The top end of philanthropy surges in 2019
7 May 2020 at 8:11 am
The Paul Ramsay Foundation is once again the nation’s biggest giver
The amount of money donated by Australia’s 50 biggest philanthropists last year has jumped to $748 million, the highest on record since the inception of the Financial Review Philanthropy 50 list.
Overall giving in Australia normally rises in value between five and six per cent, but this year’s list saw giving levels rise 35 per cent.
The minimum amount of money donated to make it onto this year’s list also soared, going from $3.6 million in the previous year to $4.3 million in the 2019 financial year.
The list’s compiler, John McLeod, told Pro Bono News this pointed to an overall growth in larger donations.
“It has risen each year we’ve done the list, but this is an extraordinary jump,” McLeod said.
The Paul Ramsay Foundation once again took out top spot on the list, nearly doubling the amount spent in the 2019 financial year from $85.8 million to $158 million.
But McLeod said this jump wasn’t totally unexpected.
“The size of the foundation’s corpus has it now moving towards full scale operation,” he said.
Andew and Nicola Forrest’s Minderoo Foundation took out second place at $75.4 million, and Judith Neilson jumped from 16th to third place for her independent journalism initiative at $48.9 million.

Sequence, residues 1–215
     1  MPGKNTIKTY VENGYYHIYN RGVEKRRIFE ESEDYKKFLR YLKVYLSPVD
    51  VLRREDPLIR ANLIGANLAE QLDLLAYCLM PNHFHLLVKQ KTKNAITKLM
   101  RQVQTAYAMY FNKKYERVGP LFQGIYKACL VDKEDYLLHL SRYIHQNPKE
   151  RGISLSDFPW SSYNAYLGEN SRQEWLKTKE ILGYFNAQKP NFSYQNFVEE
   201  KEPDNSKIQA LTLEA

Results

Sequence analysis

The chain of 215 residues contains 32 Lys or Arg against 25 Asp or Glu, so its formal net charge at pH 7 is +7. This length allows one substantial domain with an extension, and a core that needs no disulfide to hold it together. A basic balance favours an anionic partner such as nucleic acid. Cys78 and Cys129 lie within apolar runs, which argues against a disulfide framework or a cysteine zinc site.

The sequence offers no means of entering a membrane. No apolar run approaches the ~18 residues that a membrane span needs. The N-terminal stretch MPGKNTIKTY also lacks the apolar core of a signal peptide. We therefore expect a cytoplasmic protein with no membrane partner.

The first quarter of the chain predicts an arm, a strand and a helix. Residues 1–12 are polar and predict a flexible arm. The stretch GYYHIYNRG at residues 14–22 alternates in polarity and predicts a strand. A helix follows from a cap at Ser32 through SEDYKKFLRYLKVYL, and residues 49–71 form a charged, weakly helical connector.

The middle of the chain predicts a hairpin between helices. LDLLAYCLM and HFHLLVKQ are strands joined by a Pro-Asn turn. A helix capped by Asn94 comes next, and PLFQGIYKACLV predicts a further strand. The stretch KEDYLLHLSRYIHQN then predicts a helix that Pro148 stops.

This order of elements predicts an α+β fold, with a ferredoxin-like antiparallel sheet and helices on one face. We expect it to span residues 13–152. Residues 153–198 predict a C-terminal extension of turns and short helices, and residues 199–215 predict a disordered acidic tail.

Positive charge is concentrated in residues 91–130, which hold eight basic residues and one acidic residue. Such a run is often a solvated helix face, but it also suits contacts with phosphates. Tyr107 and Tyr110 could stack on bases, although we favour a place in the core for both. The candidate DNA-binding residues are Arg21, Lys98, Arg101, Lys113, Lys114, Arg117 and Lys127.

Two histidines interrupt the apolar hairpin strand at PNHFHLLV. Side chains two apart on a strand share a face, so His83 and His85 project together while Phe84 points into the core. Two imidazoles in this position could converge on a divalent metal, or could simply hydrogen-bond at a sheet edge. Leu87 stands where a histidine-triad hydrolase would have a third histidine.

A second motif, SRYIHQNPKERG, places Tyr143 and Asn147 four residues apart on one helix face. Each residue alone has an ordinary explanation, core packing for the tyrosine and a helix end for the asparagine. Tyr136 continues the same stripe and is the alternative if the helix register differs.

McLeod said that one factor that boosted this year’s total was the number of significant one-off bequests, with this year’s biggest coming from the estates of James and Diana Ramsay ($38 million) and Bruce and Jenny Pryor ($22 million).
“That can be just a happenstance thing for that particular year, but it did boost things along quite substantially,” he said.
The AFR said that because the cut-off for this year was June 2019, the impact on philanthropy around the bushfires and battling coronavirus would be reflected in future lists.
While the pandemic could mean mass-market giving in Australia falls by nearly 20 per cent by the end of next year, the impacts on the nation’s wealthiest foundations could be delayed.
McLeod said that for the private ancillary funds (PAFs) on the list, such as the Paul Ramsay Foundation, their giving would actually grow.
“Because PAFs will give off what their assets were worth in June 2019, what they’re giving will actually grow in that year,” he said.
It will be a different story for charitable trusts that give away money depending on income levels, but McLeod said the higher-end organisations still wouldn’t suffer nearly as much as mass-market ones, which for some in the sector was good news.
“Those organisations which are more reliant on high-end donors should hold up a bit better than some of the bigger, large-scale, mass-market type charities,” he said.